On 21/02/2023 18:44, Cristian Secară wrote:
I forgot this: what is the point in keeping something aesthetically pleasing, but restricted to 'Western' Latin languages only ?
Depending upon how one counts, between half and two thirds of the
languages in current use, that have been reduced to a writing system,
use the Latin Writing System. Rephrasing, roughly 1500 languages spoken
today, use the Latin writing system.
Number two would be Cyrillic, which covers between 10% and 25% of the
languages in current use, that have been reduced to a writing system.
In third place, it is a toss-up between CJKV and Arabic writing system.
In terms of number of speakers of languages that have been reduced to a
writing system, the order is:
* Latin writing system;
* Arabic writing system;
* Cyrillic writing system;
* Indus Valley writing systems;
Technically, CJKV is ten different writing systems. For selecting fonts,
treating them as the same writing system greatly simplifies the process.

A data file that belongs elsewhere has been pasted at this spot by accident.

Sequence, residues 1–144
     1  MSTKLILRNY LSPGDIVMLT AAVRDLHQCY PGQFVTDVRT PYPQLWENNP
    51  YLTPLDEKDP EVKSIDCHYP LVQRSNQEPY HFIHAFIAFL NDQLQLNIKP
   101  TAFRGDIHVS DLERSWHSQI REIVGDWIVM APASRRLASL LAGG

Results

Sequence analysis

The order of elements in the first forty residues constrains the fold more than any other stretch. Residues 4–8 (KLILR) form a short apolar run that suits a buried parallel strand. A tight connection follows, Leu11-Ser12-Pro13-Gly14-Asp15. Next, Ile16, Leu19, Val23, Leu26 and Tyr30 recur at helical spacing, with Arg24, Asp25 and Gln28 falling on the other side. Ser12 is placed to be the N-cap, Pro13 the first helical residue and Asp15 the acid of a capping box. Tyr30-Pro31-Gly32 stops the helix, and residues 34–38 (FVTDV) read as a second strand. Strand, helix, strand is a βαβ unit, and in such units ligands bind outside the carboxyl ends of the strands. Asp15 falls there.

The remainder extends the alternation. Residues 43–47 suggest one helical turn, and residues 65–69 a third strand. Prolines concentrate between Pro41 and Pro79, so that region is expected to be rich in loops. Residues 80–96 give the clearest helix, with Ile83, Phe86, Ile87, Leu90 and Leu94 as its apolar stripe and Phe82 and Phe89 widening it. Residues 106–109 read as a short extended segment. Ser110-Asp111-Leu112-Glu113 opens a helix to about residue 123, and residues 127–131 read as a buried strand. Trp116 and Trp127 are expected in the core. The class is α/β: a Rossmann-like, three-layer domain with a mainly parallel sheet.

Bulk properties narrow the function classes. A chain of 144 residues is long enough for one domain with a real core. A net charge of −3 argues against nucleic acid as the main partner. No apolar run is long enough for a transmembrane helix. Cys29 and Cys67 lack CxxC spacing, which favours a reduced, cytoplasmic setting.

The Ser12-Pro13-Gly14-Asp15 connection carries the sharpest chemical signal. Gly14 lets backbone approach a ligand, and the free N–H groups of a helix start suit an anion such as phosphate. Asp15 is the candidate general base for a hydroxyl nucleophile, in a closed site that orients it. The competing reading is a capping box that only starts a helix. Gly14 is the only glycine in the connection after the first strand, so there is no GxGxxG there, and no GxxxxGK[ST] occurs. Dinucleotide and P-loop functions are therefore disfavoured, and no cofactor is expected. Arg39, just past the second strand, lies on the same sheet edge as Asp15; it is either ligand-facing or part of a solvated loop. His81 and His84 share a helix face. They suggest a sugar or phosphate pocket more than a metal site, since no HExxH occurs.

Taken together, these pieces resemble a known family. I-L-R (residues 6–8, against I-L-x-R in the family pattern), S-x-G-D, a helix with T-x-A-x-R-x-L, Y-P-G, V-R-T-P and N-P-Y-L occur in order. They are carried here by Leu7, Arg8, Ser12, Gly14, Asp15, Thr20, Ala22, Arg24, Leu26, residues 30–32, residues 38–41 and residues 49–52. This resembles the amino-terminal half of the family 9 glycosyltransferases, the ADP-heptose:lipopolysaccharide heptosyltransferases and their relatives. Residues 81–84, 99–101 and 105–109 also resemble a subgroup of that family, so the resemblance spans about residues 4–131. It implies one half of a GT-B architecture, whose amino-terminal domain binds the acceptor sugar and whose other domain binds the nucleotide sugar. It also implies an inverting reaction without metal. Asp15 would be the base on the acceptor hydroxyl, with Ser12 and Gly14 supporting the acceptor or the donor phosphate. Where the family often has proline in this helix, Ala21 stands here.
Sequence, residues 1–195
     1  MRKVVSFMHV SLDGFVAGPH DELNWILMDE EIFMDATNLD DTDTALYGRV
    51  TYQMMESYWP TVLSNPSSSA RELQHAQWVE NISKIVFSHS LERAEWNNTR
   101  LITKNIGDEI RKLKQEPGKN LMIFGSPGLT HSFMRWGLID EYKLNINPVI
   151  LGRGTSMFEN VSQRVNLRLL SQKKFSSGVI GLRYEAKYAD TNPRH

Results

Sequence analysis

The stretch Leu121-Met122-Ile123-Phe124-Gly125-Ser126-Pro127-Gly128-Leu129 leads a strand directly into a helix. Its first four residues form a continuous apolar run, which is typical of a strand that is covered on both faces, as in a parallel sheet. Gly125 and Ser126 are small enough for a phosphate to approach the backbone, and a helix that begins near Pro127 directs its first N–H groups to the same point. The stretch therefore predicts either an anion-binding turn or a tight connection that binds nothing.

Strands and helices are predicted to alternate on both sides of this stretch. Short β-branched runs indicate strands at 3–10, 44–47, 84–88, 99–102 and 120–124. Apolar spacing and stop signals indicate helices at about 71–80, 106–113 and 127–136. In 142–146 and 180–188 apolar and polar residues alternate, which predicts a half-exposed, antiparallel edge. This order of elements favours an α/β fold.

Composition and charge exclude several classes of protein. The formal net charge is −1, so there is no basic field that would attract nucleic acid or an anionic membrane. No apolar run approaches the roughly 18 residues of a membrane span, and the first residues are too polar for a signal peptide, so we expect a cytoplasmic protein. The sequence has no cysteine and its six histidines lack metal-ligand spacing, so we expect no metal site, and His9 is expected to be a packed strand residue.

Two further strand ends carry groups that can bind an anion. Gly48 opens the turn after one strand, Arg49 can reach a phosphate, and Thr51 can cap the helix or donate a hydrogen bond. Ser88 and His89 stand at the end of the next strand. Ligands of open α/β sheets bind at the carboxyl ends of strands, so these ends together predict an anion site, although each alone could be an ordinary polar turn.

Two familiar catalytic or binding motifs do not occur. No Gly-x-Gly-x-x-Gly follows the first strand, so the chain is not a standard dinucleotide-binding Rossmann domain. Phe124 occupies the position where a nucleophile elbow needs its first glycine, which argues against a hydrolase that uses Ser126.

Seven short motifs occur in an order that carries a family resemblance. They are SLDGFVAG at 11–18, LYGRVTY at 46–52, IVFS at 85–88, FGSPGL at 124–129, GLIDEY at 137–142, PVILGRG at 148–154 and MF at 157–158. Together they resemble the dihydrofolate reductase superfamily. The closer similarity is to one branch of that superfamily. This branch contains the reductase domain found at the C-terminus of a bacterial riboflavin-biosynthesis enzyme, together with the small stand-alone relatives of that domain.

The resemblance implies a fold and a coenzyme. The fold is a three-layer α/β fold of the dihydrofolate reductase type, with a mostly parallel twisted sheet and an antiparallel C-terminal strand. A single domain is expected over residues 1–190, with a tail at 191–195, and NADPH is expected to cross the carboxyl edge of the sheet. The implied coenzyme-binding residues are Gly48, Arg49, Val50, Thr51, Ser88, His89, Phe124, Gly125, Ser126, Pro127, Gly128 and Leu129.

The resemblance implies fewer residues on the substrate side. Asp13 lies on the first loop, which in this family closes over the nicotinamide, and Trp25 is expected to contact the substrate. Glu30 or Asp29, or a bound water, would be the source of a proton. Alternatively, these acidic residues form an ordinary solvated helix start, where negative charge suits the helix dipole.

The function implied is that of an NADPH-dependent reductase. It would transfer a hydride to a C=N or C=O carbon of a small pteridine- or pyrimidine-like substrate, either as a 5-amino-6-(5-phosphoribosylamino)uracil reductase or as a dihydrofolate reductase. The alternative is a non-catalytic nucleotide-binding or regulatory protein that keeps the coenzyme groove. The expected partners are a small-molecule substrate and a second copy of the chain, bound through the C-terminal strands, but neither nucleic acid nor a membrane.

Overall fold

>even then: year 2010 is somewhat more recent than Stone Age
Unicode 6.0 was released in October 2010. It covered 93 writing systems,
with just under 100,000 glyphs. Pan-unicode font development is still
trying to catch up with that standard.
Unicode 15.0 was released in September 2022. It covers 161 writing
systems, with just shy of 150,000 glyphs.
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- Re: [libreoffice-l10n] Document Liberation Project flyer for translations (continued)
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